Even if you are not technically savvy, you have probably heard of Bitcoin. Bitcoin is the most well known in a growing field of virtual currencies.  But what is virtual currency?

The IRS describes virtual currency as a digital representation of value that functions as a medium of exchange, a unit of account, and/or a store of value.  Some virtual currency has an equivalent value in real currency, or acts as a substitute for real currency. This is referred to as “convertible virtual currency” since it can be digitally traded between users and can be purchased for or exchanged into U.S. dollars, Euros, and other real or virtual currencies.

Cash or Property?

If it can be traded for other currencies, is it considered cash?  Not according to the IRS, who ruled that virtual currency is to be treated as property for tax purposes.  General tax principles that apply to property transactions also apply to transactions using virtual currency.  But what does this mean?

Determining Value:  For U.S. tax purposes, you will need to determine the value of your currency in U.S. dollars.  You need the value as of the date you receive or make a payment.   If the currency is listed on an exchange this should be easy, since the exchange will list the value of the currency as of any particular date.  Historical values of Bitcoin can be found online at CoinDesk.  Bitcoin’s value has seen wide fluctuations, and changes daily based on supply and demand.

Gain or Loss in Value: The value of virtual currency will fluctuate with the market.  Just like stocks and bonds, the gain or loss is not considered taxable until the item is disposed of.  When you use virtual currency to pay for something, this is, in effect, disposing of your currency.  You will have a taxable gain or loss when this happens.  This will make record keeping tedious, because this means the fair market value of your virtual currency will need to be tracked each and every time it is used.   This is true even if the transaction was not for business purposes.

Example:  I purchase a non-business computer priced at $400 using virtual currency.  This $400 worth of virtual currency was only worth $50 when I received it, but the value was $400 (the value of the computer I received) when I disposed of it.  I now have a capital gain of $350 to report.

This brings up another interesting scenario.  If you are conducting transactions in virtual currency, you will likely have units of the currencies with different basis (the value of the currency when you received it).  If you are purchasing something with these currencies, consider which actual units you use in the transaction.  In the example above, if I had different units of virtual currency worth $400 that was worth $300 when I received it, my capital gain would have only been $100.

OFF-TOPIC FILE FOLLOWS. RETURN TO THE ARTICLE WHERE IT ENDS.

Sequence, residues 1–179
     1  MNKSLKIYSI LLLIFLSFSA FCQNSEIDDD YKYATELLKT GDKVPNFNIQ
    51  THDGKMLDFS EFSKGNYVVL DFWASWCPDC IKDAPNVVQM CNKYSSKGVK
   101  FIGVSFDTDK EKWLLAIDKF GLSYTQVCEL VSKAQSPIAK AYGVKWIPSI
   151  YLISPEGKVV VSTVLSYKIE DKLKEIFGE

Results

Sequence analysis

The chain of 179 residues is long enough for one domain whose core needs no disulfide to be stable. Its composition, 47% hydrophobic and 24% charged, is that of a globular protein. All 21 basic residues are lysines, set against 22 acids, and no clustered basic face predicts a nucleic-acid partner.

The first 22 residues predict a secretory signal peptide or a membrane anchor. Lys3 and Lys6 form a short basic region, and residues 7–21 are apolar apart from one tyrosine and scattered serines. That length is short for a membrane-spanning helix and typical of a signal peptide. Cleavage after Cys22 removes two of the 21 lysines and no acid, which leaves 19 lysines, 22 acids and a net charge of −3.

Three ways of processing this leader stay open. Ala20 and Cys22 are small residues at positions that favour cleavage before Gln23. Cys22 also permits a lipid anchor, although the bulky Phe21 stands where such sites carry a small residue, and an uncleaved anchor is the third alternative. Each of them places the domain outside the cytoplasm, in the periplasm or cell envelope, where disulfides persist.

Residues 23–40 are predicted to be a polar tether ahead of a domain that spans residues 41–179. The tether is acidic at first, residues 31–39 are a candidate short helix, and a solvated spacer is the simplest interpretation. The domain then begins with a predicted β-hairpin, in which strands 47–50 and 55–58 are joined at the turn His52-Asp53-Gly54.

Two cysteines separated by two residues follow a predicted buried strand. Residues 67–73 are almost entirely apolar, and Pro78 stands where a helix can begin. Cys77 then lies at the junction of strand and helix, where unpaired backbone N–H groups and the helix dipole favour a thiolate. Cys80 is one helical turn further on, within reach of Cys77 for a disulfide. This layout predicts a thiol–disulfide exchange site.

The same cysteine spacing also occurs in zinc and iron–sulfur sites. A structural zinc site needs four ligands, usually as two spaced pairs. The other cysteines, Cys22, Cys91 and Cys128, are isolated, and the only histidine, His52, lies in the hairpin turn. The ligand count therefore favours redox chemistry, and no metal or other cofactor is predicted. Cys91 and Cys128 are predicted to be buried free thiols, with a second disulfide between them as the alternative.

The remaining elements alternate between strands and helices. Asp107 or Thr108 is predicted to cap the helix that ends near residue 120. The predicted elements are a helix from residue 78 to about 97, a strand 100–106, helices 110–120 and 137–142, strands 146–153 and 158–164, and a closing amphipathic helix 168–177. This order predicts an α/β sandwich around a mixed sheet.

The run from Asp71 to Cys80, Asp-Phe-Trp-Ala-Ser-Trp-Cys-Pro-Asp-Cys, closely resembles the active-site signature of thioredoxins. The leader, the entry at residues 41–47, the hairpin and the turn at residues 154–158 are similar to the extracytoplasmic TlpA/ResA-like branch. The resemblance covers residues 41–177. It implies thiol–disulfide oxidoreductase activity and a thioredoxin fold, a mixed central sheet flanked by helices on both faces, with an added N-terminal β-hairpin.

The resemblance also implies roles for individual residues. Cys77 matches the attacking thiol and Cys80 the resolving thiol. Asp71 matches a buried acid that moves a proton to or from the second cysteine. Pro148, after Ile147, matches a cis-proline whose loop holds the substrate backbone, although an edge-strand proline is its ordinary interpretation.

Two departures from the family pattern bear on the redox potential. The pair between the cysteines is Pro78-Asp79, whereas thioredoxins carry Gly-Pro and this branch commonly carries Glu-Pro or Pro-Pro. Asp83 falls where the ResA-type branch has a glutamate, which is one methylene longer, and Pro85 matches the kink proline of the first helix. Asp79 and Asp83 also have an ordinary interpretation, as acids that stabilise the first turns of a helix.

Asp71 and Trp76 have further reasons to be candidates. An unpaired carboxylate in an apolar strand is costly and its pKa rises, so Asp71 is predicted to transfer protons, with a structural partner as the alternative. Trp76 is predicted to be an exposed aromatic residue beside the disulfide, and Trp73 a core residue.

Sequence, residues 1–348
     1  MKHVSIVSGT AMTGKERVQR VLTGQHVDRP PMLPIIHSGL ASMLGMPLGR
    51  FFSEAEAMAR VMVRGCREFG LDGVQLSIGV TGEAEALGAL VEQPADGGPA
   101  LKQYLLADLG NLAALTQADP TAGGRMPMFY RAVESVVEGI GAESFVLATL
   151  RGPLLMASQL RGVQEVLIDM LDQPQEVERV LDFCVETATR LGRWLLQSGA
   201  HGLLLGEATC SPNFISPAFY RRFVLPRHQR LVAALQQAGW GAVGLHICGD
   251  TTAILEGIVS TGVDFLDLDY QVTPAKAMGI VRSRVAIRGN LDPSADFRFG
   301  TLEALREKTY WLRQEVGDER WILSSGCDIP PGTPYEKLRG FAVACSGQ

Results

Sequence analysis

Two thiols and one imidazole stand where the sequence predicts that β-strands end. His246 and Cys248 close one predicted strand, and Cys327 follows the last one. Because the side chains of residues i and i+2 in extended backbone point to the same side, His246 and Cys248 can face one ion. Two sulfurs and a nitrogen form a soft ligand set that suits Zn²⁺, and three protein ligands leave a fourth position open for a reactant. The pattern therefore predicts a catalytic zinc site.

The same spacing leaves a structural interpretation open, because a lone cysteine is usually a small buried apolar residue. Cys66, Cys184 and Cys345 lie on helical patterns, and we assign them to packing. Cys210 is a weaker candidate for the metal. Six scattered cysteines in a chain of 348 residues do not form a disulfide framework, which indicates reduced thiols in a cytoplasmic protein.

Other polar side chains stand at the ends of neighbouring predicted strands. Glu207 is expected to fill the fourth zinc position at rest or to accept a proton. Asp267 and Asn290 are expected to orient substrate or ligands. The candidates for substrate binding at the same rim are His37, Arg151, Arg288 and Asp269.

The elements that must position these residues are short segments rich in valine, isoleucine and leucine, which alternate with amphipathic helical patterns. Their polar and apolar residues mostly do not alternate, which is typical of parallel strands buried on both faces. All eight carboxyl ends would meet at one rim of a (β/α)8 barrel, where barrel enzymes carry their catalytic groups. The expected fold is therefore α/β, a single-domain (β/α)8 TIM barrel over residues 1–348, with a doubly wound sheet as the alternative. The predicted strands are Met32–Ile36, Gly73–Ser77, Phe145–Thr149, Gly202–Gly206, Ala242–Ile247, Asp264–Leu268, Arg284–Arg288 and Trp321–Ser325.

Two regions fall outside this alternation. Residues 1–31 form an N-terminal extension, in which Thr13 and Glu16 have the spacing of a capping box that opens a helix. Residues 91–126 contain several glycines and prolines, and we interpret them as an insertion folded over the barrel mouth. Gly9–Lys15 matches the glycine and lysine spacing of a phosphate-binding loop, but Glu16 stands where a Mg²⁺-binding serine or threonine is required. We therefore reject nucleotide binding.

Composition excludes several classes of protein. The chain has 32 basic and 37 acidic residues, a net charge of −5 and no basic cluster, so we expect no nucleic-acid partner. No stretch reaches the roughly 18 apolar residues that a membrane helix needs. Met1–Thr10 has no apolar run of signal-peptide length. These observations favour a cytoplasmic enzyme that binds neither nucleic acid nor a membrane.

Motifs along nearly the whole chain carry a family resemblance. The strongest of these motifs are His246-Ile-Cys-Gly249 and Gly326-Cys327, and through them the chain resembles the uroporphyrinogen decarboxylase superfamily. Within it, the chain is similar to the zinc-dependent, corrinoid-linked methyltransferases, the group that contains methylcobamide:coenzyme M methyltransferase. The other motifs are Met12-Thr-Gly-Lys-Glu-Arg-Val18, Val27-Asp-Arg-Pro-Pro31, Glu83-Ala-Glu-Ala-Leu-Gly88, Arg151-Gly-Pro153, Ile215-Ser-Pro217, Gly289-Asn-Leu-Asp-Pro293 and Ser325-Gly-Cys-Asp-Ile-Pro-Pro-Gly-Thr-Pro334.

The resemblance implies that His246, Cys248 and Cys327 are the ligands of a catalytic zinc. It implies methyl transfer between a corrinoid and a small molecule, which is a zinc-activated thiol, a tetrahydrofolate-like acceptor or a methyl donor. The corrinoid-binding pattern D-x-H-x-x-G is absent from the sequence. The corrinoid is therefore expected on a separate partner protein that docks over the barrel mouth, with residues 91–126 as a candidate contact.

Sales Taxes:  The California Board of Equalization has issued Special Notice L-382 to address virtual currency.  The notice confirms that anyone accepting virtual currency must consider sales and use tax for these transactions, using the same rules as for cash or credit card payments.  The sales tax is calculated on the normal cash sales price, and not on the value of the virtual currency received.

Consider that the IRS has labeled virtual currency as property for tax purposes.  Does this mean that the virtual currency itself will be subject to sales tax, since any transaction made with it will be a property transaction?

Payment for Goods or Services: If you are paid in bitcoin, or other virtual currency, this will be treated as income to you.  The amount of income depends on the actual market value on the date you receive the payment.  This would be handled on your tax return the same as if you had received cash for services.  The only difference is that the value of the virtual currency, on the date received, is used in determining the amount of income to report.  This is true even if the value of the currency decreases before you actually prepare your tax returns.

Payments are subject to the same withholding and reporting requirements as if you were paid in cash.  Wages paid in virtual currency are subject to federal income tax withholding and payroll taxes.  Payments to independent contractors that meet the threshold will be reported on Form 1099.

You can see there is much to consider about virtual currencies.  They are a new offering that does not quite fit the mold of cash or investment, but they are becoming more common.  If you are using Bitcoin or another virtual currency, make sure you understand the tax implications, and stay current on how the rules may change while the world is adjusting to this new method of making financial transactions.